Beyond THC & CBD
Scientists have identified over 80 cannabinoids while studying the compounds found in Cannabis sativa. Tetrahydrocannabinol, THC, and Cannabidiol, CBD, are the most well known of these because they are produced in the highest concentrations relative to dozens of other cannabinoids in the plant, 12-21% and 1-10% respectively, and because they have been studied the most. However, as more studies are conducted on cannabis, the lesser known cannabinoids are also being brought to light.
THCA – Tetrahydrocannabinolic acid
First, it is important to note that the “A” in THCA, CBDA, etc. stands for the carboxylated, or acidic, form of the compound. These “acidic” versions of THC or CBD are the compounds naturally produced by the cannabis plant. It is only through drying and/or heating that they can be decarboxylated into their non-acidic forms (CBD, THC, etc.) which are known for being bioactive. This is the reason “raw” cannabis products are usually heated through smoking, cooking, or other methods before they are consumed. The acidic form of cannabinoids may also be bioactive, however, they are not psychoactive. THCA can only be psychoactive once it has been decarboxylated into THC.
FIG 1. Decarboxylation process of THCA and THC
CBG – Cannabigerol
CBGA is the chemical compound in cannabis that naturally transforms into THCA, CBDA, and CBCA. It is the precursor to the other cannabinoids and is found at higher concentrations in young plants. As the plants and their flowers mature, CBGA is converted into the well known compounds sought after in the cannabis industry. CBG itself is not psychoactive, but is the parent to THC which is psychoactive. CBGA usually has a concentration less than 1% in mature cannabis but can now be more easily isolated with the cross-breeding, selection, and development of strains containing high CBG levels. Many companies are beginning to sell CBG isolates and products as it is gaining a lot of attention for its supposed bioactive effects. Many studies have begun to explore this cannabinoid to determine how it functions in the body.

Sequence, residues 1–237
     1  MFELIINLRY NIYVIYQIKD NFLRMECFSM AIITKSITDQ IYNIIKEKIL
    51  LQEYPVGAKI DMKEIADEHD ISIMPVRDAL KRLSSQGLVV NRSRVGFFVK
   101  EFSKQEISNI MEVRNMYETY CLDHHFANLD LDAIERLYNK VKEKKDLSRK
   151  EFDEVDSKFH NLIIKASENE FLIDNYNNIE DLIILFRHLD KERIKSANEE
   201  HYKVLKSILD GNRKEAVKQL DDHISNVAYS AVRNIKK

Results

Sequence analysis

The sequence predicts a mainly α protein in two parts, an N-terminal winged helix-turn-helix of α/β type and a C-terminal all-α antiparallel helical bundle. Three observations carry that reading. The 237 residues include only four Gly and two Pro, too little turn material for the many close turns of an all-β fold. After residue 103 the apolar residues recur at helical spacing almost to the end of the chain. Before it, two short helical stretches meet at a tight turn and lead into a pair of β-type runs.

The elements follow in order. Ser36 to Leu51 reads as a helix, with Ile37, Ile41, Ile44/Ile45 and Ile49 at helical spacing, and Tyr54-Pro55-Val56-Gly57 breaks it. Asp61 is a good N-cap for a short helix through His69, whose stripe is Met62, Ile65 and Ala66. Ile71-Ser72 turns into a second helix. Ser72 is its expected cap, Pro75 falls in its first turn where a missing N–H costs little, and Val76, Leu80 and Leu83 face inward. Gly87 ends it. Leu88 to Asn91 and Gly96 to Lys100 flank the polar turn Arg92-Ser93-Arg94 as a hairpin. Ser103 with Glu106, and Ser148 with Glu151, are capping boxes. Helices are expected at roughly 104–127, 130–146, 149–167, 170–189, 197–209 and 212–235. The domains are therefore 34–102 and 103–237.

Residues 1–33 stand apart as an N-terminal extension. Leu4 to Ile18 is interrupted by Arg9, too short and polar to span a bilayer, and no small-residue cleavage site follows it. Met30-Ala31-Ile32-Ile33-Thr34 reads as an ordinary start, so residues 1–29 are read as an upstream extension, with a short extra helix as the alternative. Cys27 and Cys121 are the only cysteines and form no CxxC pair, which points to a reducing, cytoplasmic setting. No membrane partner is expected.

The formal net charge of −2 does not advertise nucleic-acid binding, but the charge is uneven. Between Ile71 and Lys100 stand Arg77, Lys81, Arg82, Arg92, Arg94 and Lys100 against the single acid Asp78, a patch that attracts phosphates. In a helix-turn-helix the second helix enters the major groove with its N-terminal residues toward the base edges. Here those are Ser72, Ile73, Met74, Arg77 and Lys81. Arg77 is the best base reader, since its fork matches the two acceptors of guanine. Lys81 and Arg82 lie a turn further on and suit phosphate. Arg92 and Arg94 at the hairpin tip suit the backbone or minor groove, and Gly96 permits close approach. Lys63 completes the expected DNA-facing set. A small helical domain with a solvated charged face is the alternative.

FIG 2. Pathway of THCA, CBDA, and CBG production from CBGA.
CBC – Cannabichromene
CBC is another non-psychoactive phytocannabinoid produced from CBGA. Like CBG, it is also found at concentrations less than 1% in most cannabis varieties. However, some produce high enough levels for effective extraction. A university study as well as others have been published investigating its potential bioactivity.
CBN – Cannabinol
CBN is another phytocannabinoid found in cannabis which is the product of THC oxidation. This means that when THC is exposed to light or heat, stored incorrectly, or degraded in some way, it turns into CBN. It is slightly psychoactive, but the research is inconclusive and it is nowhere near as potent as THC.
FIG 3. Degradation of delta-8 and delta-9-THC into CBN
Only the Beginning
CBG, CBC, and CBN are only a few of many cannabinoids beyond the popularized THC and CBD. The acidic analogues like CBDA, for example, may also interact with our bodies in some way. Tetrahydrocannabivarin, THCV, and Cannabidivarin, CBDV, are additional cannabinoids with very similar structures to THC and CBD, but do not produce exactly the same effects. There is still much to learn about how these cannabinoids interact with our bodies. With over 80 different cannabinoids identified in the plant, the possibilities for new research and studies on these compounds seem endless.
FIG 4. Molecular Structures of THC, CBG, CBD, CBN, and CBC.